Flute players are generally stereotyped as high-strung hypercompetitors who wouldn’t waste time on anything that doesn’t edge them closer to first-chair status.
So it’s strange to hear flutist Elizabeth Baptista-Gaston tread dangerously close to spiritual mumbo-jumbo territory in telling her story of reawakened passion.
She even seems somewhat anxious that her musings will come across as hokey.
“My playing is about putting breath out there and allowing people to respond in a way that’s meaningful to them,” says Baptista-Gaston, summing up a 30-minute phone soliloquy.
“I just hope that makes sense,” she sighs.
Baptista-Gaston’s story not only made sense to Keowee Chamber Music founder Kate Steinbeck: It so touched her that she invited the San Francisco-based artist to join her group for its annual festival here in June.
“Her perspective is really a wonderful one,” says Steinbeck.
Baptista-Gaston’s purist approach to music, which involves seeking meaning rather than fame, resonated with Steinbeck. Also a flutist, Steinbeck abandoned the cutthroat classical-music scene when she moved to Asheville 10 years ago. Forced to create her own outlet for her art, she founded the Keowee group and launched the Keowee Chamber Music Festival. While both endeavors have been successful, with the ensemble earning a standing ovation at LEAF earlier this month and the festival now entering its seventh year, Steinbeck says friendship and feelings play a greater role in her work today than when she was a freelancer jockeying for jobs in the Bay Area.
As a young flutist, Baptista-Gaston also bypassed the emotional end of playing. Having studied at Mills College and at the Strasbourg Conservatory, where she was tutored by such luminaries as Jean-Pierre Rampal, she was most interested in landing an orchestral position that would pay the bills. But she found herself consistently making it to the final rounds of auditions—and no further. In desperation, she accepted a temporary job at a Hyatt Hotel in Winston-Salem, which she parlayed into a 20-year unmusical career.
“I used all the skills I had learned in music—the perseverance, the passion—and put it into business,” says Baptista-Gaston.
Work and family kept Baptista-Gaston from her flute: “Even when I was home with two little babies, it was impossible to play because they’d crawl on my lap,” she says. But an unexpected diagnosis of breast cancer in 2002 fundamentally altered her physical and emotional relationship to her instrument.
“Before this, I couldn’t even say ‘cancer,’” Baptista-Gaston says. “I belonged to a ladies’ gym, and whenever there was a gal with a handkerchief on her head, I was the one who turned away.”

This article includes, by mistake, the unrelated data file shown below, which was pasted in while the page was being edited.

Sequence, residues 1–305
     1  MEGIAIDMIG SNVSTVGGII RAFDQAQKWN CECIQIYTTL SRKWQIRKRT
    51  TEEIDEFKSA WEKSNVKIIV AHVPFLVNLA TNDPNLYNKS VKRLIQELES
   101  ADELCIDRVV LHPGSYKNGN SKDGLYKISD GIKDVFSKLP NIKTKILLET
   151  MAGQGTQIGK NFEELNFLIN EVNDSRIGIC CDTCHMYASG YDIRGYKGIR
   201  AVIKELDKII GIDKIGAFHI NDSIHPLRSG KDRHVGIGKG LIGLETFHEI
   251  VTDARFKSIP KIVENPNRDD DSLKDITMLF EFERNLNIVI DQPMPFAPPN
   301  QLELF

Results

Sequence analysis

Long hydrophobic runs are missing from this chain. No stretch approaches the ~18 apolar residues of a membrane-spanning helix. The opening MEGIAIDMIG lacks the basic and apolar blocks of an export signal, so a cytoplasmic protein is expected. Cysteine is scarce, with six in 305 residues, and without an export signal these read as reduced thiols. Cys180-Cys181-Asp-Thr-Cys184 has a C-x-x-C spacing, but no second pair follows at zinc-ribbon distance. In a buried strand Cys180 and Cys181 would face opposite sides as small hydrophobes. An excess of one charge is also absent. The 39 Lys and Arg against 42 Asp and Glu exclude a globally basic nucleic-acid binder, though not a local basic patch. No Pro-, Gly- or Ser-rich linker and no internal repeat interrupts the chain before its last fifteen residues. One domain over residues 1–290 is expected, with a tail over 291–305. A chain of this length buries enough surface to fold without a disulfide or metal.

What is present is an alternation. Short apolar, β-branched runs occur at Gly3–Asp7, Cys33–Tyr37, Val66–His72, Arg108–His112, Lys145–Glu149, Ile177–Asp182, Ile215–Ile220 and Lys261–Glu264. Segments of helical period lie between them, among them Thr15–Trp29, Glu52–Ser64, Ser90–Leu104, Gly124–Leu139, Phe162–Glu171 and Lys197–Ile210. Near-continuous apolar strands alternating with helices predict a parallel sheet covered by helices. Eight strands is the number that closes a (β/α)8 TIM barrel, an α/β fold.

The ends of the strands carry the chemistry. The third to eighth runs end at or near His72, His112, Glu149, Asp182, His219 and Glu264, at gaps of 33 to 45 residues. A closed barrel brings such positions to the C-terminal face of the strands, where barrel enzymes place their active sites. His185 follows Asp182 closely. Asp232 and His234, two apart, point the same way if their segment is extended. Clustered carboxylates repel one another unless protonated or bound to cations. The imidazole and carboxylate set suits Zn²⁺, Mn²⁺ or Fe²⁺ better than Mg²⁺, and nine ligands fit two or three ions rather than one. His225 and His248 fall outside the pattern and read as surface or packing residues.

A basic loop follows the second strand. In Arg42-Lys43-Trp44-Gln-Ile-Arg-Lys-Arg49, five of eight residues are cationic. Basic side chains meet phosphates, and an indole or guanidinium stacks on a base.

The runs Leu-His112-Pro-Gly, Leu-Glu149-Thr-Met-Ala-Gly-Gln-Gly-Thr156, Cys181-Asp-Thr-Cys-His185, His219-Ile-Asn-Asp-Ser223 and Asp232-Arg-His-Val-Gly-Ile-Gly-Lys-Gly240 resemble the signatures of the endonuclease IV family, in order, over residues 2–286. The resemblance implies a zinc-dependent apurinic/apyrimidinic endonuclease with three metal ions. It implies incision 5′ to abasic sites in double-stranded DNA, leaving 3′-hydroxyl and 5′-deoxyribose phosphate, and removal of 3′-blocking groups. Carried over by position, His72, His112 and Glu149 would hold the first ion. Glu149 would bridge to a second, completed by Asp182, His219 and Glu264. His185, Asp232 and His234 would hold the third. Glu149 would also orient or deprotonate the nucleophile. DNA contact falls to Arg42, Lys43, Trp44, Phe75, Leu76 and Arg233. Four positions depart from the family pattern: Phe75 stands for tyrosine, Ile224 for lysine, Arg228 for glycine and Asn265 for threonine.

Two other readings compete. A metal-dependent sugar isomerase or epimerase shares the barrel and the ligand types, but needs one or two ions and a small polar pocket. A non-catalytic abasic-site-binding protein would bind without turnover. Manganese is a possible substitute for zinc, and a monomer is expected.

Baptista-Gaston endured a round of chemotherapy, with each treatment growing progressively more unbearable. After the final treatment, she slept for 16 hours.
“I woke up and all I wanted to do was play the flute,” she says. “I had an insatiable desire to play again. It’s like I was picked up and thrown down on a different path.”
Baptista-Gaston had sold her flute to buy her house, so she began shopping for a replacement. She first heard the flute she wanted when a friend loaned her a Steinbeck CD. Steinbeck was playing a wooden flute crafted by her husband, Chris Abell.
“It was a sound I had never heard,” she explains. “Back when I was playing, there were no wooden flutes. Everyone in the middle of the 20th century played gold flutes and silver flutes.”
Baptista-Gaston took out a second mortgage on her house and added her name to the waiting list for Abell’s coveted $15,000-plus flutes. When her flute finally arrived, she found herself immersed in a very different flute world than the one she had left in the 1980s. New music was no longer dissonant, and her once-influential teachers had all died.
She’d changed, too, embracing the bright side in remarkable ways: Her mastectomy, she says, simplified her playing position. And—also a good thing—her youthful competitiveness had waned.
“I didn’t have the emotional baggage I did as a young player. It was all about the music. Now my inspiration is healing others. I play in dementia wards, I play in schools, I’ll go down to the coffee shop and play. It’s all about touching someone’s spirit.”
The Keowee Chamber Music Festival includes six concerts over two weeks in various venues in Asheville, Waynesville and Greenville, S.C.—Monday, June 11 through Sunday, June 24. Admission varies. For the complete schedule, visit www.keoweechambermusic.org or call 254-7123.